Feature Overtreatment

Unnecessary care: are doctors in denial and is profit driven healthcare to blame?

BMJ 2012; 345 doi: http://dx.doi.org/10.1136/bmj.e6230 (Published 02 October 2012) Cite this as: BMJ 2012;345:e6230
  1. Jeanne Lenzer, journalist
  1. 1New York
  1. jeanne.lenzer{at}gmail.com

A newly launched movement led by prominent doctors is challenging the basic assumption in US healthcare that more is better. Jeanne Lenzer reports

At 8 am on her first day as an intern, Diane Meier attended the resuscitation of an 89 year old man with end stage congestive heart failure. The staff shocked the man’s heart repeatedly. They tried four times to place a central line. They injected pressors directly into his heart, stuck his femoral artery for blood gases, and performed chest compressions for over an hour before finally pronouncing him dead. Two decades later, after witnessing similar pre-death rituals countless times, Meier published the story of a 73 year old man with metastatic lung cancer who told his doctors he didn’t want invasive testing and treatment. His doctors consulted a psychiatrist, who said the man was “in denial” about his illness. After some pressure from his doctors, the man and his family agreed to further diagnostic testing and treatment, including placement of a gastrostomy tube. He was ultimately subjected to 47 days of painful and invasive treatments before dying.1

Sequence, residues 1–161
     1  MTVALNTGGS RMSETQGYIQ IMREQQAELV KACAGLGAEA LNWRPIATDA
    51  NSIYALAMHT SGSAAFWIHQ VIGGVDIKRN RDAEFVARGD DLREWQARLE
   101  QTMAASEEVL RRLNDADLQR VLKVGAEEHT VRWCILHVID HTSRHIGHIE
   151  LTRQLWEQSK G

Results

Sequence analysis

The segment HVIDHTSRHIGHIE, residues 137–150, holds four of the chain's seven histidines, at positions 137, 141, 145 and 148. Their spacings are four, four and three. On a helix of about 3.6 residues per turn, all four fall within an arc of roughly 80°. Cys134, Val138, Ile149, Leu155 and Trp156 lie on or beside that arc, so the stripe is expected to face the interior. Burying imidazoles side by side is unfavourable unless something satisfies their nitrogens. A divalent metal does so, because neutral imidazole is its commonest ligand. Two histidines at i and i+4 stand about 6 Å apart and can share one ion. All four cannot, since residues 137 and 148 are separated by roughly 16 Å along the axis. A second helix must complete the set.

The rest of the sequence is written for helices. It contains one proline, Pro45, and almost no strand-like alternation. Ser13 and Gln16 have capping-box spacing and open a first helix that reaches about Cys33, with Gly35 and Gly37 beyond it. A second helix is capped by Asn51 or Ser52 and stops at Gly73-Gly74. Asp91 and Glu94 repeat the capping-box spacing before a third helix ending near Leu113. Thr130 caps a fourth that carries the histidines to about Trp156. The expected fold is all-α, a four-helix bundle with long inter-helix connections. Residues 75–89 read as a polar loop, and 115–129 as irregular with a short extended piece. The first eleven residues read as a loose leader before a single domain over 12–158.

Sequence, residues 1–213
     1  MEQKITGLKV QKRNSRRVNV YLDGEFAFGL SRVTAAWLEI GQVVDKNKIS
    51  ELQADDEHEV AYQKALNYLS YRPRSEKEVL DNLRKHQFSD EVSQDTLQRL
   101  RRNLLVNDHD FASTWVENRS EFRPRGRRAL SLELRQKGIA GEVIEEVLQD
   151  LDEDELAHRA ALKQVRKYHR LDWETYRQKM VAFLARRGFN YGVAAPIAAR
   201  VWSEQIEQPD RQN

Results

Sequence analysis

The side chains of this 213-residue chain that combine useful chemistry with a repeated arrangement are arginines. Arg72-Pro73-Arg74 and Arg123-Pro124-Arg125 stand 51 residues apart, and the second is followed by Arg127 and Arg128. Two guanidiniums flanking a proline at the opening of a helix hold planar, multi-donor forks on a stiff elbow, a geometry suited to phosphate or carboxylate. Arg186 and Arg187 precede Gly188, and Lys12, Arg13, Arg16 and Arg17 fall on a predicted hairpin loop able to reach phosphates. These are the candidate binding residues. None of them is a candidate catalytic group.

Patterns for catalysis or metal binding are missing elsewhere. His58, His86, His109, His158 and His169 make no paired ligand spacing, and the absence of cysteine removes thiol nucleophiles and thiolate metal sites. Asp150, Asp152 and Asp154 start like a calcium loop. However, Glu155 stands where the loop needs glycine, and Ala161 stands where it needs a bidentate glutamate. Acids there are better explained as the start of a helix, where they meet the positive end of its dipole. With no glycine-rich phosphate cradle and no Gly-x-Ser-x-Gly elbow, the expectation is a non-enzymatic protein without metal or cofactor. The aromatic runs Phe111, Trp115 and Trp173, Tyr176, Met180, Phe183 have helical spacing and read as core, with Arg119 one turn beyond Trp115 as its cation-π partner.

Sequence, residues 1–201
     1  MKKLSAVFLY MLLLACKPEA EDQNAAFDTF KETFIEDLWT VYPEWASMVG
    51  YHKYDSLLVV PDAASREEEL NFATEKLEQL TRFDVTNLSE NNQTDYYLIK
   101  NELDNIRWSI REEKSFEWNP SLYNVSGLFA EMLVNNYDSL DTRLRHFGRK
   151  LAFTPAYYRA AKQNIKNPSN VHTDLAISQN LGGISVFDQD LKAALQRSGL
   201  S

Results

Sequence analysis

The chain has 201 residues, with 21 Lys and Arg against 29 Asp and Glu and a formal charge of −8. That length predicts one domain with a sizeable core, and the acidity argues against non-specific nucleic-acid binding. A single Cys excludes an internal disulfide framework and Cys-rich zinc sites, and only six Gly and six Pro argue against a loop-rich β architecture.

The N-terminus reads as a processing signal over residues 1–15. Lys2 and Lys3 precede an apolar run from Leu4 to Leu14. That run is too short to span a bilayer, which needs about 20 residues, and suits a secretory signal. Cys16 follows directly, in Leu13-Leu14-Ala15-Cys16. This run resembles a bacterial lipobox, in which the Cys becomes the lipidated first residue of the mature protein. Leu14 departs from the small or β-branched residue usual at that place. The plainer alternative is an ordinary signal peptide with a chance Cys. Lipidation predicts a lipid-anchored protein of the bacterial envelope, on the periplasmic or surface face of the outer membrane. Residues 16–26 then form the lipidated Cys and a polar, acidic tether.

For Meier, who went on to win a MacArthur “genius grant” for her work in palliative care, it was not the patient who was in denial, but his doctors. Physicians are trained to believe that staving off death, even if only for days, is their overriding mission, and all available technology should be employed to achieve that goal. The cost of this self delusion in Meier’s eyes can be measured in the patient’s suffering, inadequate pain relief, and in time lost that could have been spent at home with family and loved ones. On a national level, the problem is daunting: annually, 65% of all deaths in the United States now occur in hospitals, multiplying the instances when …

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